Thomas Stearns Eliot (26 September 1888 – 4 January 1965) was an essayist, publisher, playwright, literary and social critic and “one of the twentieth century’s major poets.” Born in St. Louis, Missouri in the United States, he moved to the United Kingdom in 1914 and was naturalised as a British subject in 1927.

“Portrait of a Lady”

By |2016-08-21T20:22:09-05:00August 21st, 2016|Categories: Poetry, T.S. Eliot, The Imaginative Conservative|

Thou hast committed — Fornication: but that was in another country, And besides, the wench is dead. (The Jew of Malta) I Among the smoke and fog of a December afternoon You have the scene arrange itself—as it will seem to do— With "I have saved this afternoon for you"; And four wax candles in [...]

A People Without History: T.S. Eliot’s Critique of Evolutionary History

By |2019-07-18T15:24:00-05:00August 4th, 2016|Categories: Benjamin Lockerd, G.K. Chesterton, Hilaire Belloc, History, Poetry, Senior Contributors, T.S. Eliot, The Imaginative Conservative|

While T.S. Eliot never made any comments critical of Charles Darwin or his theory of the evolution of species, he was quite critical of various popularized versions of Darwin’s theory that exaggerated its explanatory power and extrapolated from it into metaphysical, moral, historical, and socio-political spheres where, in his view, it had no authority. [...]

The Truth of Beauty: Educating the Moral Imagination

By |2017-06-01T15:22:05-05:00July 5th, 2016|Categories: Beauty, Benjamin Lockerd, C.S. Lewis, Russell Kirk, Senior Contributors, T.S. Eliot, Truth|

Beauty is truth, truth beauty,—that is all Ye know on earth, and all ye need to know. —Keats, “Ode on a Grecian Urn” These famous lines of Keats have charmed and delighted readers for two centuries, but skeptics have scoffed at his claim, especially as beauty is well known to be wholly subjective, a [...]

“Little Gidding”: T.S. Eliot’s Final Answer

By |2019-08-30T10:51:55-05:00June 11th, 2016|Categories: Dwight Longenecker, Literature, Poetry, T.S. Eliot|

The first three of the Four Quartets provide deep connections between significant geography and significant biography for T.S. Eliot. In Burnt Norton, the site of a ruined manor house became the locus for a meditation on what might have been. His visit there with an old college flame, Emily Hale, prompted a poem of nostalgia [...]

Youth and Age in T.S. Eliot’s “Dry Salvages”

By |2019-09-05T13:35:56-05:00May 28th, 2016|Categories: Dwight Longenecker, Homer, Odyssey, Poetry, T.S. Eliot|

As the Second World War raged around him, T.S. Eliot composed the third of his Four Quartets. Conscious now that he was developing a series of poems, Dry Salvages continues his meditations on the nature of time and eternity. The visit of an old college friend (and suitable spouse) had prompted Burnt Norton—a poem [...]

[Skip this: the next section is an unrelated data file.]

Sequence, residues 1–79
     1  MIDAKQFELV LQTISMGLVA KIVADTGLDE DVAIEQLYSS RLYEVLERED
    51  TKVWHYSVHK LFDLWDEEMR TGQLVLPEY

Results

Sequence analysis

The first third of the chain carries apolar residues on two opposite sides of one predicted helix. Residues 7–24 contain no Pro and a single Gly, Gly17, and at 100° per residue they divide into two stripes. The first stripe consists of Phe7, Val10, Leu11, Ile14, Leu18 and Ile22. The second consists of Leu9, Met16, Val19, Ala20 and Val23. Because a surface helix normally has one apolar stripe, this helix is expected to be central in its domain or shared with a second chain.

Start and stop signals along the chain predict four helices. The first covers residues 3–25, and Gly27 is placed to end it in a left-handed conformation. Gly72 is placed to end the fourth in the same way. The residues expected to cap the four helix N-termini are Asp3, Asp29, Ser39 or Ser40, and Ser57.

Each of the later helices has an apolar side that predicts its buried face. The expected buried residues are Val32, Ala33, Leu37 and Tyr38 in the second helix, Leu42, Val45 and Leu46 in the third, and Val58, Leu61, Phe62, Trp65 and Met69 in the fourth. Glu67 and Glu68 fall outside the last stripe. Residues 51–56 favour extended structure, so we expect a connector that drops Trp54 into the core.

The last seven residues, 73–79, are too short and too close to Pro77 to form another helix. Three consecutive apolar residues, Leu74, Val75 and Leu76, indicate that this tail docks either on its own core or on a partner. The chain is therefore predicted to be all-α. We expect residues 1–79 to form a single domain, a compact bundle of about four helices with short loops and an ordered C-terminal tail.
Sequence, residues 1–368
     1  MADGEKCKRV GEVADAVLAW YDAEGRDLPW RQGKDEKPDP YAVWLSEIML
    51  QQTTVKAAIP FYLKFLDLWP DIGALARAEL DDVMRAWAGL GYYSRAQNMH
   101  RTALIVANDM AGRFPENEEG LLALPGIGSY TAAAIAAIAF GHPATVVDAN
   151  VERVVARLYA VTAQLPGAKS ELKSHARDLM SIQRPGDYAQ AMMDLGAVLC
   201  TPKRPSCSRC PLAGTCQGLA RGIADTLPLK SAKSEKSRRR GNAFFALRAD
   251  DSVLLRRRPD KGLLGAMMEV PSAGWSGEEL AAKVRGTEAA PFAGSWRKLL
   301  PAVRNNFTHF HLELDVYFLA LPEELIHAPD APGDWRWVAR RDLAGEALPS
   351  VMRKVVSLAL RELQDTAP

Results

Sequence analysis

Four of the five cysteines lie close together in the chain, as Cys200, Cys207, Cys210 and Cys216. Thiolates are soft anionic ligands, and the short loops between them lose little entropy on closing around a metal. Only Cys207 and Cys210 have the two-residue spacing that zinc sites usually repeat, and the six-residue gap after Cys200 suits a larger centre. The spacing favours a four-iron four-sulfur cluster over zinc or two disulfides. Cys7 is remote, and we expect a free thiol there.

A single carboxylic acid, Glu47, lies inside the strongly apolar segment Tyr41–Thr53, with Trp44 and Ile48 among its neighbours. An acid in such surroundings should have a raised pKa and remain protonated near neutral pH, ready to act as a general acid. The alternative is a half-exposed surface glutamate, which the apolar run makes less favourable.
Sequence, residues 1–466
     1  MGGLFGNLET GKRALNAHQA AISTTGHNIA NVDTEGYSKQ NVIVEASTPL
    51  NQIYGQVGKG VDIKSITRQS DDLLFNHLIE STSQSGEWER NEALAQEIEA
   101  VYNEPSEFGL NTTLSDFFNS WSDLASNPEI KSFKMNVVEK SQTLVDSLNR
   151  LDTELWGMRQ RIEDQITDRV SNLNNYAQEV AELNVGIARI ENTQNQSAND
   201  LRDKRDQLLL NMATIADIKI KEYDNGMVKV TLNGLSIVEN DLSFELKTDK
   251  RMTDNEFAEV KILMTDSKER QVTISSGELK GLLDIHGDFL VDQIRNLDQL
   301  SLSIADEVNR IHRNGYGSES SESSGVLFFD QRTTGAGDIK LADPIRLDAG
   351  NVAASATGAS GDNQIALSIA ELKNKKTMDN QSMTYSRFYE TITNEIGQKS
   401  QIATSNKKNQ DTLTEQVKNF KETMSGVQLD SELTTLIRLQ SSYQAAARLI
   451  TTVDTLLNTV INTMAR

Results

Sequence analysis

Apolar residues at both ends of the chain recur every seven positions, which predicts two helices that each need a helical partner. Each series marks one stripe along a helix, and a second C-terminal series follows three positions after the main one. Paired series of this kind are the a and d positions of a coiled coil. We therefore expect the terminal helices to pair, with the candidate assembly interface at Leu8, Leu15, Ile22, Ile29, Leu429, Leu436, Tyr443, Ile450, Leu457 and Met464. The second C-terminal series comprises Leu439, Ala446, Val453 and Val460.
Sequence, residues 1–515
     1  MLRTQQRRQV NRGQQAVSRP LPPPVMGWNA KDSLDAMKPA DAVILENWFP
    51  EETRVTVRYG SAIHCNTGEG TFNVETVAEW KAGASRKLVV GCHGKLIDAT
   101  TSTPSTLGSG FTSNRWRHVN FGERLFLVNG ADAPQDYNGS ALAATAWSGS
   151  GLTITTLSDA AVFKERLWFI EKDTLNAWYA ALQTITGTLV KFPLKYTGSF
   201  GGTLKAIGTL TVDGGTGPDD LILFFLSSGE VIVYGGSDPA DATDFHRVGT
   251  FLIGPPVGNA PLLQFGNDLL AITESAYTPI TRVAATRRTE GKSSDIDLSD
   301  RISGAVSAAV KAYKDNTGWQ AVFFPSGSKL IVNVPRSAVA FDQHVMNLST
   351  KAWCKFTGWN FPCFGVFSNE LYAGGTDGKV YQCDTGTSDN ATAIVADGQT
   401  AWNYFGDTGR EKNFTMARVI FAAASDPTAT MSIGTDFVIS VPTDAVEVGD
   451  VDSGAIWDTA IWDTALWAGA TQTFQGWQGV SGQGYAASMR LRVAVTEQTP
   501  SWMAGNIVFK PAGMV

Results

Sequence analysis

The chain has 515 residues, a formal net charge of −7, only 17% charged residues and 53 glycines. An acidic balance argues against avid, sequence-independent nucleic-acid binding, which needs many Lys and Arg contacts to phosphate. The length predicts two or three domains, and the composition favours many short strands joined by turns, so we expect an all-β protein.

T.S. Eliot’s Lost Love

By |2016-05-13T21:43:16-05:00May 13th, 2016|Categories: Dwight Longenecker, Love, Poetry, T.S. Eliot|

T.S.Eliot argued that the biographical details of the poet were irrelevant to the understanding of the poetry, and yet his own poetry is so deeply personal that it often remains obtuse until illuminated by an understanding of his personal life. Eliot’s masterpiece—The Four Quartets—are the perfect example, and Burnt Norton—the first of the four—reveals [...]

Oak and Stone and the Permanent Things

By |2019-08-15T15:15:11-05:00April 24th, 2016|Categories: Edmund Burke, Permanent Things, T.S. Eliot, Timeless Essays|

Today’s offering in our Timeless Essay series affords readers the opportunity to join Ian Crowe as he explores the thought of T.S. Eliot, Edmund Burke on the permanent things. —W. Winston Elliott III, Publisher For the present is the point at which time touches eternity. —C.S. Lewis[1] It was in 1939, in The Idea of a [...]

Education as if Truth Mattered

By |2019-09-28T09:50:36-05:00March 1st, 2016|Categories: C.S. Lewis, Education, Evelyn Waugh, Featured, G.K. Chesterton, Great Books, Joseph Pearce, StAR, T.S. Eliot|

The title of this essay, “Education as if Truth Mattered,” is taken from the subtitle of Christopher Derrick’s book, Escape from Scepticism: Liberal Education as if Truth Mattered, published in 1977. Derrick’s subtitle was itself borrowed and adapted from the subtitle of E. F. Schumacher’s international bestseller, Small is Beautiful: Economics as if People [...]

The Voice of This Calling: The Enduring Legacy of T.S. Eliot

By |2019-06-06T18:33:20-05:00February 28th, 2016|Categories: Essential, Russell Kirk, T.S. Eliot, The Conservative Mind, Timeless Essays, Tradition|

Today’s offering in our Timeless Essay series affords readers the opportunity to join Clint Brand as he considers the legacy of T.S. Eliot.  —W. Winston Elliott III, Publisher In 1953, the first edition of The Conservative Mind was subtitled From Burke to Santayana; the second and every edition thereafter bore the subtitle From Burke to Eliot. [...]

East of Early Winters: The Poetic Craft

By |2019-09-12T12:05:31-05:00February 19th, 2016|Categories: Poetry, Robert Frost, T.S. Eliot|

East of Early Winters, by Richard Wakefield (The University of Evansville Press, 2006) No period in the history of the arts more doggedly insisted on its concern with craft—its identification of artist with artisan—than did the Modernist period at the beginning of the twentieth century. And yet, at no time were the familiar features [...]